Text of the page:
Have you been served with Anti-Stalking Order in the District of Columbia? Now you are asking yourself what is Stalking. Anti-Stalking Orders allow individuals to petition the court for an order against another person who has allegedly stalked that person, with at least one occasion of the course of conduct occurring within the 90 days prior to the date of petitioning. So what is Stalking?
A defendant or Respondent (civil or anti-stalking protection orders) cannot be found guilty for stalking unless there is proof that he or she possessed a culpable mental state (an intentional, knowing, or “should have known” mental state) during at least two of the occurrences that comprise the course of conduct. In other words, the Petitioner or Government must prove that the person “should have known” during at least two of the occurrences that comprised the course of conduct that this conduct would produce such mental harm. As stated in Coleman v. United States 202 A.3d 1127 (D.C. 2019)
For purposes of the Stalking Statute in the District of Columbia “Should have known” as an objective standard. Objective Standard is essentially how a reasonable person would feel. The Judge or Jury should view the circumstances from the standpoint of a reasonable person. It doesn’t matter what your intention was as long as most people would think that the conduct is stalking. As opposed to a Subjective Standard which focuses on the state of mind of the person who committed the act; the act may be permissible or impermissible, depending on what the actor was thinking. In other words a subjective standard looks to the persona as opposed to a reasonable person.
The Court will look to whether a reasonable person would feel that the course of conduct would cause someone to be alarmed by the conduct.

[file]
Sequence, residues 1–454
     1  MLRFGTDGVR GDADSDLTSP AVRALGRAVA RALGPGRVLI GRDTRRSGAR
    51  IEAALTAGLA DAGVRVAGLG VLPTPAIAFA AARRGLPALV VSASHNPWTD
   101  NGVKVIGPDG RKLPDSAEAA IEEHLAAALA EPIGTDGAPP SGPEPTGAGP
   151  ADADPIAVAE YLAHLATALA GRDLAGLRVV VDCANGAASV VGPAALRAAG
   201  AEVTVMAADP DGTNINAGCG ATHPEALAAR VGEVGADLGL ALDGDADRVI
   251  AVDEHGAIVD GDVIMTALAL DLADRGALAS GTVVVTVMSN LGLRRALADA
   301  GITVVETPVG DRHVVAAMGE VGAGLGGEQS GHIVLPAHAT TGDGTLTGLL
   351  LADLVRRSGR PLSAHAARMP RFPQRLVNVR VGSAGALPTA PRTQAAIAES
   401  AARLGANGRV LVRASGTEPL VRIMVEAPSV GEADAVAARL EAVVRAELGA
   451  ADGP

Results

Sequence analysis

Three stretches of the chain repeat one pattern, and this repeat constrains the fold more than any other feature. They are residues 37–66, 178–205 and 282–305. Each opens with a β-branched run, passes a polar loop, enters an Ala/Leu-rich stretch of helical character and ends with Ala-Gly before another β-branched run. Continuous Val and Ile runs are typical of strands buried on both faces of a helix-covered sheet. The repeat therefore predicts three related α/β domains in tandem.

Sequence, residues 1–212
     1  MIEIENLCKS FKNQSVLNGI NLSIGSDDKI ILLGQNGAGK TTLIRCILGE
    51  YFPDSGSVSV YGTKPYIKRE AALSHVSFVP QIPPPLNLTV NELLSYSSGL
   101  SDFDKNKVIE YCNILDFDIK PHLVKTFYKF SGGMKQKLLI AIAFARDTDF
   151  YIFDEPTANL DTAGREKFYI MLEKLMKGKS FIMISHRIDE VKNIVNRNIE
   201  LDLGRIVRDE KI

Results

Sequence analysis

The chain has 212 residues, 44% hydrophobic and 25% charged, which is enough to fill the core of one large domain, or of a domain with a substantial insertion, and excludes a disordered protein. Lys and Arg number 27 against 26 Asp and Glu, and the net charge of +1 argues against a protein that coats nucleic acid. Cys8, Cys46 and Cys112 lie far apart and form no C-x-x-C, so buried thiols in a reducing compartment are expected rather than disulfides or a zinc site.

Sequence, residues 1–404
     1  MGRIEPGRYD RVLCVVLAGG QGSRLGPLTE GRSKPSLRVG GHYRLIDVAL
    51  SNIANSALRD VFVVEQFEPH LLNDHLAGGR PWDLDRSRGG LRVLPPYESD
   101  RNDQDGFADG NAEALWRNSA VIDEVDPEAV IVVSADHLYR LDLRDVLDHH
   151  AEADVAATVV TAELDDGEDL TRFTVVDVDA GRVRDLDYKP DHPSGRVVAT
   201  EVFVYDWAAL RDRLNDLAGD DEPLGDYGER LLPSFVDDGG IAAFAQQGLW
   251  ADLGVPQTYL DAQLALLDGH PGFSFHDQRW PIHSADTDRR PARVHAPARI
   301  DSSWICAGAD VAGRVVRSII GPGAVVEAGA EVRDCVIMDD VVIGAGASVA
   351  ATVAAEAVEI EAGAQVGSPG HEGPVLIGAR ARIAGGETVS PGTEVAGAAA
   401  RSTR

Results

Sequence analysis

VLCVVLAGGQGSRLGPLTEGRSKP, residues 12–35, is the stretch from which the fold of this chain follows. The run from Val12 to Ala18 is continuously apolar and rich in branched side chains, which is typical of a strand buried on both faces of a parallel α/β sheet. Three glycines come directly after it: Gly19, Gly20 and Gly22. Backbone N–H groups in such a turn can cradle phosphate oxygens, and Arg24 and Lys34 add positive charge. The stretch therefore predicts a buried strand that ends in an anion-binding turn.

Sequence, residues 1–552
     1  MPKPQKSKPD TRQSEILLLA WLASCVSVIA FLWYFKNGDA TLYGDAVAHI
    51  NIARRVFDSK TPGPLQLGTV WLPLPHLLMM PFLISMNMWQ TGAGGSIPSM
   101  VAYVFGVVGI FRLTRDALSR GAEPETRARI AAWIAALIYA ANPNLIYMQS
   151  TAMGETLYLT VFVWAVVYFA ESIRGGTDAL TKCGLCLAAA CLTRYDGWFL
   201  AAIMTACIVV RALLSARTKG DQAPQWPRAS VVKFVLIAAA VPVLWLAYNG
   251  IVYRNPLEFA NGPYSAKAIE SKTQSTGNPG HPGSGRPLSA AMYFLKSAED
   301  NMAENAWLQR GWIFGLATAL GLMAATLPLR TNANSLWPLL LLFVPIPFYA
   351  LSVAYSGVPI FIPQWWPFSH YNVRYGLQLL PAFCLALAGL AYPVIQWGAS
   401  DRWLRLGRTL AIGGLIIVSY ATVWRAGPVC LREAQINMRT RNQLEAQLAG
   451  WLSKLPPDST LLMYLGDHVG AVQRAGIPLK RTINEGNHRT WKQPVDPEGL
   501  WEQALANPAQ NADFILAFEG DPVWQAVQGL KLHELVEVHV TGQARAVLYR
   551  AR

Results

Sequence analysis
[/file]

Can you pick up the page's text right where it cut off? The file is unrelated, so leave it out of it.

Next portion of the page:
On two or more occasions to follow, monitor, place under surveillance, threaten or communicate to or about another individual with the intent to cause that individual to experience fear, serious alarm, or emotional distress.
Fear for his or her safety means fear of significant injury or comparable harm. Fear for his or her safety is meant to prohibit seriously troubling conduct. It does not mean mere unpleasant or mildly worrying encounters.
As defined in DC Code § 22–3132(4), emotional distress means “significant mental suffering or distress that may, but does not necessarily, require medical or other professional treatment or counseling.” It is the kind of emotional distress that would possibly lead a person to seek professional treatment from a therapist or someone like that.
Feel seriously alarmed means conduct that is basically disturbing. It is not conduct that is just a serious annoyance. The Court has held that it is greater than just a”uneasiness, nervousness, [and] unhappiness” are insufficient”. “[T]he stalking conduct needs to address behavior that goes beyond merely annoying the victim ….”)” Coleman v. United States, 202 A.3d 1127, 1145 (D.C. 2019)